map Anytime You’re Ready

by Candy Shue

Published in Issue No. 65 ~ October, 2002

It looks like a dwarf lives here,” my father jokes as we stand looking at my apartment. It’s a typical studio – futon, television, stereo, and books on the floor. I don’t say anything.

My father goes from room to room fixing things. He fixes a leaky faucet in the kitchen, loosens a window which had been painted shut. He tightens the knob on my bathroom door. There are very few drawers to look in.

I follow him around saying, “Please, don’t do that. Don’t bother. I can do it myself.” And, “Please, let me help you.”

“Would you like some coffee?” I finally ask.

“That would be nice,” he says, staring at a crack in the ceiling. I know what he is thinking: earthquake country.

My friend Martha receives many catalogs in the mail. Some of them she wants; others come on their own. She did not mind until she started getting catalogs advertising clothing for mature and full-figured women. Martha is neither mature nor full figured, but her name is an old, fat name, just as the name Enid reminds one of a bug. These catalogs disturb her.

“Why are they doing this to me?” she wails. “How did I get on a mailing list for old, fat women?” She writes to the company and tells them she is only 26 and a size 8, but the catalogs keep coming. Her self-esteem suffers.

I don’t tell Martha, but I’m the one who put her name on those lists. I thought she would appreciate it. Otherwise, she wouldn’t get any mail at all.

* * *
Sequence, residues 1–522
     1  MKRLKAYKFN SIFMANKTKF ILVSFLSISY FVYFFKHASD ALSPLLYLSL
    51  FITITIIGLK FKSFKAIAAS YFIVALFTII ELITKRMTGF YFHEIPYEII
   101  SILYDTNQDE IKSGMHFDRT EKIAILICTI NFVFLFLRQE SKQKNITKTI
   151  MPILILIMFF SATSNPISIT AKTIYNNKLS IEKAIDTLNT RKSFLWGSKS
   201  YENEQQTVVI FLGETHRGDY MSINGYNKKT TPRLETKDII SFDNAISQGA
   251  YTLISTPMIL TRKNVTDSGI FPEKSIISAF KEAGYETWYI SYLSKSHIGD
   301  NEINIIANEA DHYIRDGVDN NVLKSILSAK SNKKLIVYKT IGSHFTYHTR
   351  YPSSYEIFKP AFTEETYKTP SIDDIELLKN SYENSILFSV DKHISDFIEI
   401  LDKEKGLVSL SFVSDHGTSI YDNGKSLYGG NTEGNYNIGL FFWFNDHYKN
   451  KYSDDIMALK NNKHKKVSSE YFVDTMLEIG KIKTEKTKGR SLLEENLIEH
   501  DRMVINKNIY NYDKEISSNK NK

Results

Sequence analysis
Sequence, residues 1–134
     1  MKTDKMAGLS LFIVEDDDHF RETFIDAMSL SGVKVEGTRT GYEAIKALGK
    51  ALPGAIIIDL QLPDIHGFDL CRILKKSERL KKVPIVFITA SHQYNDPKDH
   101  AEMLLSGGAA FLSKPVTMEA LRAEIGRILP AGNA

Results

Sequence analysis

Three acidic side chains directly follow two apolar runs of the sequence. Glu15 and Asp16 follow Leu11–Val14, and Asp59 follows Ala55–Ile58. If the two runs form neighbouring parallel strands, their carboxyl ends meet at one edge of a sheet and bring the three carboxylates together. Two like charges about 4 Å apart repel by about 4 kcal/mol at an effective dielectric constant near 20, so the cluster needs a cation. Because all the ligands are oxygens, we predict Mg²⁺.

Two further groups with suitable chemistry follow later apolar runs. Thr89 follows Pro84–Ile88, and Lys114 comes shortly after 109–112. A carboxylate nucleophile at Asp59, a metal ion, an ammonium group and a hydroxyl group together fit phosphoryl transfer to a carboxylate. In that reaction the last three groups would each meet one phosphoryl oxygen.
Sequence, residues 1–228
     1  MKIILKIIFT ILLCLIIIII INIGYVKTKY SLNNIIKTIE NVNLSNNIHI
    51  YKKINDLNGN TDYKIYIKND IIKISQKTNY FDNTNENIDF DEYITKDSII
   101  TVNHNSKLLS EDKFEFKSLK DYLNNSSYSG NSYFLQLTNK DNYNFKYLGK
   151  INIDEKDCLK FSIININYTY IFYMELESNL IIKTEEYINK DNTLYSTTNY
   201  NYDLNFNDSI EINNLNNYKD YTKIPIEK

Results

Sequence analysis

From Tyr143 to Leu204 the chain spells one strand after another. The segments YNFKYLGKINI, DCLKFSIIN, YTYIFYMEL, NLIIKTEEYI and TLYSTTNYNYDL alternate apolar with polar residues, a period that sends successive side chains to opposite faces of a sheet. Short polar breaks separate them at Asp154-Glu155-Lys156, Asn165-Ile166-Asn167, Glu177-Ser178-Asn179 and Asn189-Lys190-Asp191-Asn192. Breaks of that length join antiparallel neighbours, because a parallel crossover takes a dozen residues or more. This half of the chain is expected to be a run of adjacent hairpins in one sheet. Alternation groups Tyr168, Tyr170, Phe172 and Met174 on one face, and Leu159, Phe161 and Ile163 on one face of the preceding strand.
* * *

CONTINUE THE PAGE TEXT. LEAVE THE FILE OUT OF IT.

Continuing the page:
The bar serves beer from all over the world. Janet and I are drinking our way through Ireland when my ex Mike comes in with his new girlfriend. He pulls two chairs up to our table and we make our introductions. Mike orders a round of Bass, even though he knows I prefer Harp’s.

“Have you ever noticed,” Mike says in a tone of revelation, “Have you ever noticed that a bright sun makes everything look closer than it really is?”

Janet nods vigorously. “Oh yes, and that fog makes everything look farther away.”

“And,” I offer, “rain makes everything look wet.”

Mike and Janet look at me blankly, as if they hadn’t realized I was there. Later we decide to switch to Mexico – meaning, Coronas with a twist. Mike’s new girlfriend goes to the ladies room and never comes back.

I sleep in old t-shirts, exercise in my underwear. I play the same song over and over and hang my pantyhose in the bathtub. Some days I don’t have to say a word until I get to work in the late afternoon.